Beyond COVID-19: Crisis response or road to recovery?
Crisis response or road to recovery?
Mexico’s Federal Economic Competition Commission (COFECE) has announced the commencement of a new investigation focused on the oil and gas sector, this time on the market of storage, transportation and marketing of petroleum products, as well as services related thereto.
This new investigation was initiated ex officio by COFECE, which seems to have indications that suggest that vertical monopolistic practices (prácticas monopólicas relativas) may have potentially occurred in the relevant market. In essence, under the Mexican legal framework, vertical or “relative” monopolistic practices entail conducts that economic agents with substantial market power incur in, with the purpose or effect of improperly displacing or preventing other economic agents from entering into the relevant market (such as price discrimination, supply restriction, bundling, among others).
COFECE did not name the parties subject to investigation, and was quick to note that the investigation does not prejudge on the alleged conducts and omissions of any economic agents that may be involved. COFECE will have an initial term of up to 120 business days term to conduct its investigation. This initial term may be extended as much as four times (for up to 120 business days each) and upon its conclusion, COFECE will issue a resolution either formally initiating a process against the involved economic agents or dismissing the case.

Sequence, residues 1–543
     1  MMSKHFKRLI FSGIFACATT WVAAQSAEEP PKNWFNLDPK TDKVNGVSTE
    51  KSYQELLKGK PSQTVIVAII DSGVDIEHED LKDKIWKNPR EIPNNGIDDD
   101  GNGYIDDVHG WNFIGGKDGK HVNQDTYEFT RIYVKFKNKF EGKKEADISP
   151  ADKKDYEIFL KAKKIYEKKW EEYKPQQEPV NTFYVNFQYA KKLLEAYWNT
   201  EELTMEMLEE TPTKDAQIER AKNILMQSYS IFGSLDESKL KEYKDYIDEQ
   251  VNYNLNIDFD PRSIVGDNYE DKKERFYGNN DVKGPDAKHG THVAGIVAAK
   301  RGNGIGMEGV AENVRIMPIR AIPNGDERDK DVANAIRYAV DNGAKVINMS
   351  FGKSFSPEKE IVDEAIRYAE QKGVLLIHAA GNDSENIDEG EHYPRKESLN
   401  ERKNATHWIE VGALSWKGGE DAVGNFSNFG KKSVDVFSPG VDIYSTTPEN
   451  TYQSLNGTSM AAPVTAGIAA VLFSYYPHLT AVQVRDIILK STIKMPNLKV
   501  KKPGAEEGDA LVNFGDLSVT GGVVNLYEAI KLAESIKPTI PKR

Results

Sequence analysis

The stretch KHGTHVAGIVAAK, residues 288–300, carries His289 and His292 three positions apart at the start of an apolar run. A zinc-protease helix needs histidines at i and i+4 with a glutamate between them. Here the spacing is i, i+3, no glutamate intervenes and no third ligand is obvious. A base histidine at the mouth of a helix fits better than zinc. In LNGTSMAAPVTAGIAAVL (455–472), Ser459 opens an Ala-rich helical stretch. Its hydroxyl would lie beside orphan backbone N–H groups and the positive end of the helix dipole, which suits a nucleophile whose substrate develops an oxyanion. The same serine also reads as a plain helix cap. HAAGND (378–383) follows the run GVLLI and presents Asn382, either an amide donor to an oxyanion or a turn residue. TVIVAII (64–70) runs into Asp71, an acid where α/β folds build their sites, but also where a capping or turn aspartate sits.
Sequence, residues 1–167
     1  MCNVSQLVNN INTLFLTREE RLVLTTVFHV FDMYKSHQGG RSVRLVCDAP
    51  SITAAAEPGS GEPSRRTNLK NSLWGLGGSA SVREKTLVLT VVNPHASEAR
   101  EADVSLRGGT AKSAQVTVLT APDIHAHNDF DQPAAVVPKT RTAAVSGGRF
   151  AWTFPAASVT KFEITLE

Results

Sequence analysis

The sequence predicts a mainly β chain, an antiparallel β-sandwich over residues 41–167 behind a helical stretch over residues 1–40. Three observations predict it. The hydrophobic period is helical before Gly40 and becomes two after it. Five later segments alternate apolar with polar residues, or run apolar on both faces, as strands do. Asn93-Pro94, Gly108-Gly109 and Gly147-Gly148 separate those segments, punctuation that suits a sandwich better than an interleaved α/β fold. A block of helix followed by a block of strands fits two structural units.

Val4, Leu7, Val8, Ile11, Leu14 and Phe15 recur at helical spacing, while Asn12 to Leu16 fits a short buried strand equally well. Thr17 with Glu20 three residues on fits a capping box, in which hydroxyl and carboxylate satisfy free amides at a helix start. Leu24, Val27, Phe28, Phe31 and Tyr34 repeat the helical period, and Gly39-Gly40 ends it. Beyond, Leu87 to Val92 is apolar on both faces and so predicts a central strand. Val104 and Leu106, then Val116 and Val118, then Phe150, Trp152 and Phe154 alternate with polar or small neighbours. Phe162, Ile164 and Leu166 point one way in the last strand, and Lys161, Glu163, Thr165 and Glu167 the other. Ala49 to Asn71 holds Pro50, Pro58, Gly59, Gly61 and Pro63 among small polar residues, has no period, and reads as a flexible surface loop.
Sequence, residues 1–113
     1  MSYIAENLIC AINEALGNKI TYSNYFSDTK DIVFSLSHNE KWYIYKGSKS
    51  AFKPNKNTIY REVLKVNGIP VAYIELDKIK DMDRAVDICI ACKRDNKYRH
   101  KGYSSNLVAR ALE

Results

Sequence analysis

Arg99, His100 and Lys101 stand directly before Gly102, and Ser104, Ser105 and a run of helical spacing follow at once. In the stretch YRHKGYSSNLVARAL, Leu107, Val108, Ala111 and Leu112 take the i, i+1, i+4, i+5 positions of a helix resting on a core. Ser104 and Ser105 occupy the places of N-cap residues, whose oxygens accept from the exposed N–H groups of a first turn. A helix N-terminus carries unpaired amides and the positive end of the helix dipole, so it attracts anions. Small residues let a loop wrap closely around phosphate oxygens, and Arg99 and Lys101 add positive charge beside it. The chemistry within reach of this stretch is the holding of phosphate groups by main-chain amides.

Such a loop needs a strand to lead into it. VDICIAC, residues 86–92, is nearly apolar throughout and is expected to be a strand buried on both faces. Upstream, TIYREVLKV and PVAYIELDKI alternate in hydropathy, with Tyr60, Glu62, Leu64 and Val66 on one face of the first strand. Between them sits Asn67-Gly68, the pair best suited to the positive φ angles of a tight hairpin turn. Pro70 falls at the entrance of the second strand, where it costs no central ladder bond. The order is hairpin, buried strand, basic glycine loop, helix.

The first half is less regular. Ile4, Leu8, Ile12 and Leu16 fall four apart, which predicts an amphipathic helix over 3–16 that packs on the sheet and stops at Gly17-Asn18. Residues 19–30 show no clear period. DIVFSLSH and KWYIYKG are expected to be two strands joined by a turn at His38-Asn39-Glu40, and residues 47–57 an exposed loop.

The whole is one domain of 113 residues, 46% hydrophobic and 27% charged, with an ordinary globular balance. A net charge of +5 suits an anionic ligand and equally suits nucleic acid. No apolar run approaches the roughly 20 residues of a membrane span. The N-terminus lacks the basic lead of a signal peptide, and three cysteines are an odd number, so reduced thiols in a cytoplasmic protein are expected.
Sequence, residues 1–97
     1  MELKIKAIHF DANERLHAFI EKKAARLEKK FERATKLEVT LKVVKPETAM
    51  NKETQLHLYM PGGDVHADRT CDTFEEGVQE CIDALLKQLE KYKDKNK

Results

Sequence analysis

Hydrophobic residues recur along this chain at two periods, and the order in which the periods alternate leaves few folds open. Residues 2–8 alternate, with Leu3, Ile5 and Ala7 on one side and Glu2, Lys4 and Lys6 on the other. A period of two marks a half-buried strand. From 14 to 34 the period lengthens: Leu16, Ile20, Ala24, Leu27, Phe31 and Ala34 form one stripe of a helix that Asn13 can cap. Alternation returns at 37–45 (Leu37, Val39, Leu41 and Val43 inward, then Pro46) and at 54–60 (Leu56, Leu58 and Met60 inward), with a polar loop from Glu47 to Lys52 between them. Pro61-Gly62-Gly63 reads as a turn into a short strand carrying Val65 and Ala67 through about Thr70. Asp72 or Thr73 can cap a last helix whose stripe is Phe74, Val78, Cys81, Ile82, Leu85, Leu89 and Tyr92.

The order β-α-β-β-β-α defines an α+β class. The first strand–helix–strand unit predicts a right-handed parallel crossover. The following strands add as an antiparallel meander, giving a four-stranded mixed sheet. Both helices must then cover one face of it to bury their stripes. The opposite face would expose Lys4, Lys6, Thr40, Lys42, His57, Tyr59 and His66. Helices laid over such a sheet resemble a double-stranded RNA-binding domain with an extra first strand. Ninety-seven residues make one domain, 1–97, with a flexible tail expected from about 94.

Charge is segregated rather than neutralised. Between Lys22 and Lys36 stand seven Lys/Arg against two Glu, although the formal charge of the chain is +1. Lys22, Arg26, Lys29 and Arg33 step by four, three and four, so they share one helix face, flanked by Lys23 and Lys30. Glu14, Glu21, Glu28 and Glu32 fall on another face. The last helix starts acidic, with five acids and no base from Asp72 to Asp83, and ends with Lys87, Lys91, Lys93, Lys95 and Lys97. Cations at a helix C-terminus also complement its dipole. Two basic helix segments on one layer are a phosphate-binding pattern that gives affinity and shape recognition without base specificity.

If COFECE holds that relative monopolistic practices in fact occurred, involved economic agents may face fines of up to 8 per cent of their revenue and will be ordered to cease the conducts leading to the relative monopolistic practice (irrespective of, and in addition to, any criminal or civil liability that the economic agents may face). Individuals found guilty of participating in a relative monopolistic practice may also face substantial fines, in addition to criminal and civil liability.
COFECE has been very active in the oil and gas sector in 2018. During Q1, COFECE announced investigations on potential horizontal cartel arrangements (prácticas monopólicas absolutas) in the distribution and marketing of Liquefied Petroleum Gas (Gas LP), and on a potential illegal merger in the marketing, distribution and retail sale of diesel and gasoline.
Earlier this year COFECE also issued a non-binding Legal Opinion on the de facto monopoly that Aeropuertos y Servicios Auxiliares (a public instrumentality of Mexico’s Ministry of Communications and Transportation) holds in the airport fuel distribution market. Most recently, last month COFECE imposed a substantial fine (more than MX$418 Million) to Pemex Transformación Industrial (“Pemex TRI”, a subsidiary of Mexico’s State Productive Enterprise), for failure to submit an annual external audit report (i.e., on the benefits that Pemex TRI grants with respect to first-hand sales and marketing of all its petroleum products) that Pemex TRI was required to submit to COFECE, in order to comply with certain obligations assumed as part of a prior COFECE investigation.